The GED Test Measures Actual Skills, Real Knowledge
Most adult learners and GED students want to know what knowledge
and skills they'll need to know for the GED test, and whether
the test is harder than high school exams.
There's no question about it -- the GED test is difficult.
Still, the General Education Development credential is the best
diploma for adults who never finished their high school
education. Most PassGED graduates say the test isn't as hard as
high school exams since the GED is about essential skills and
relevant information. The emphasis of the GED tests is not on
memorization, but on thinking skills and the application of
So what's the difference? Consider how standard high school
classes and courses work. Over weeks and months, a student
covers lots of information and in most cases, must remember it.
While quizzes and tests create a grade, and indicate how well a
student is progressing through the material, the real test -- or
most important grade -- results from mid-term and final exams.
Students who have a tough time with memorization may not test or
score well, especially if weeks and months have passed since the
information was covered.
Also, many students find it hard to learn and remember
information that doesn't seem important or practical to their
lives. For example, a history or social studies test may require
that the student remember the date the Declaration of
Independence was signed. The correct answer may not seem
relevant to everyday life. But the answer could make the
difference between passing or failing.
The GED test measures knowledge differently, and requires
application skills. Like high school, it addresses science,
social studies, basic algebra and geometry, reading and writing.
But it's not memory of knowledge that the test measures. It's
the use and application of it.
On the GED, most test questions require candidates to glean
information from material that's given -- not material taught
weeks or months ago. Questions stress thinking skills and the
ability to make conclusions and use reasoning and judgment. For
some people -- especially those who have relied on memorization
skills in their education, GED testing can seem more difficult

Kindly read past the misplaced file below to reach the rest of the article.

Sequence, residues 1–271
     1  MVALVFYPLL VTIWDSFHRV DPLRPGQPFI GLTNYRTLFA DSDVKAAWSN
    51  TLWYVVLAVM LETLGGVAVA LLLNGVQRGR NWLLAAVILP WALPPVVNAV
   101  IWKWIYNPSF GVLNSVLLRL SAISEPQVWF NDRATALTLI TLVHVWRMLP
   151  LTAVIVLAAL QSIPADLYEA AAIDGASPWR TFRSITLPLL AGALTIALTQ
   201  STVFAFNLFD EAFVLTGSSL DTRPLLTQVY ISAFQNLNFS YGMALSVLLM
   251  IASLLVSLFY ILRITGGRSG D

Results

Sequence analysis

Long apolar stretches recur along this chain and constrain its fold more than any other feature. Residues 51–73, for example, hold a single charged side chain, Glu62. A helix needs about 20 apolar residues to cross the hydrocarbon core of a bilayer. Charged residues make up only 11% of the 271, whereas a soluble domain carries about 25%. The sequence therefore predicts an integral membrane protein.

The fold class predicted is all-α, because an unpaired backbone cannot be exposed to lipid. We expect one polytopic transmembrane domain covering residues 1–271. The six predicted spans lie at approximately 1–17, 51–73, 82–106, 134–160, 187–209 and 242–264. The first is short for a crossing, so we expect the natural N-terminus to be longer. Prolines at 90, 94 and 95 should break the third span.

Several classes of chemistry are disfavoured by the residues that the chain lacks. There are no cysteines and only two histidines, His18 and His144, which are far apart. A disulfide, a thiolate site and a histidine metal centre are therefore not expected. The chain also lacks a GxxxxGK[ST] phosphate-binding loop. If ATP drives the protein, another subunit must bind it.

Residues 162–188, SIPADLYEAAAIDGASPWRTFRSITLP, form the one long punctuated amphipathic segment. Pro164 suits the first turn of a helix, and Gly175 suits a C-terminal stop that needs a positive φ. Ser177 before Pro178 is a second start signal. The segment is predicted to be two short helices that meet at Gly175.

than high school because sometimes it's easier to memorize
information than know how to use it. For people who haven't had
much experience in making inferences, analyzing data, and making
judgments, the GED test can seem difficult.
Fortunately, there are four strategies test candidates can
exercise to make the test easier and net higher test scores.
1. Understand the Test: Get acquainted with the GED test
structure: Become more familiar with how test passages and
questions are presented and the best way to find the right
answer among five multiple-choice options.
2. Practice First: Take some GED practice tests to increase your
familiarity and to determine skill weaknesses and strengths.
Pre-tests or practice tests can also help you plan a study guide
and determine how much time you'll need to prepare for the GED.
3. Back to School: Consider taking a GED class or enrolling in a
GED study program or test preparation course. Most communities
offer free or low-cost programs and classes through local high
schools, community colleges or universities. Or you may opt for
an online GED program. Explore online resources carefully: read
the fine print. Lots of online companies and schools offer fake
diplomas or promise results that they can't deliver.
4. Get Support: Find a community-based support group, study
group or GED online forum or learning community of GED students
and instructors. You'll find test advice, test-taking tips, and
encouragement from people who want you to achieve your
educational and career goals.
Free resources and information on GED testing, financial aid and
student support are available at . The
website also provides links to official GED testing sites, since
the GED cannot be taken online. The link is: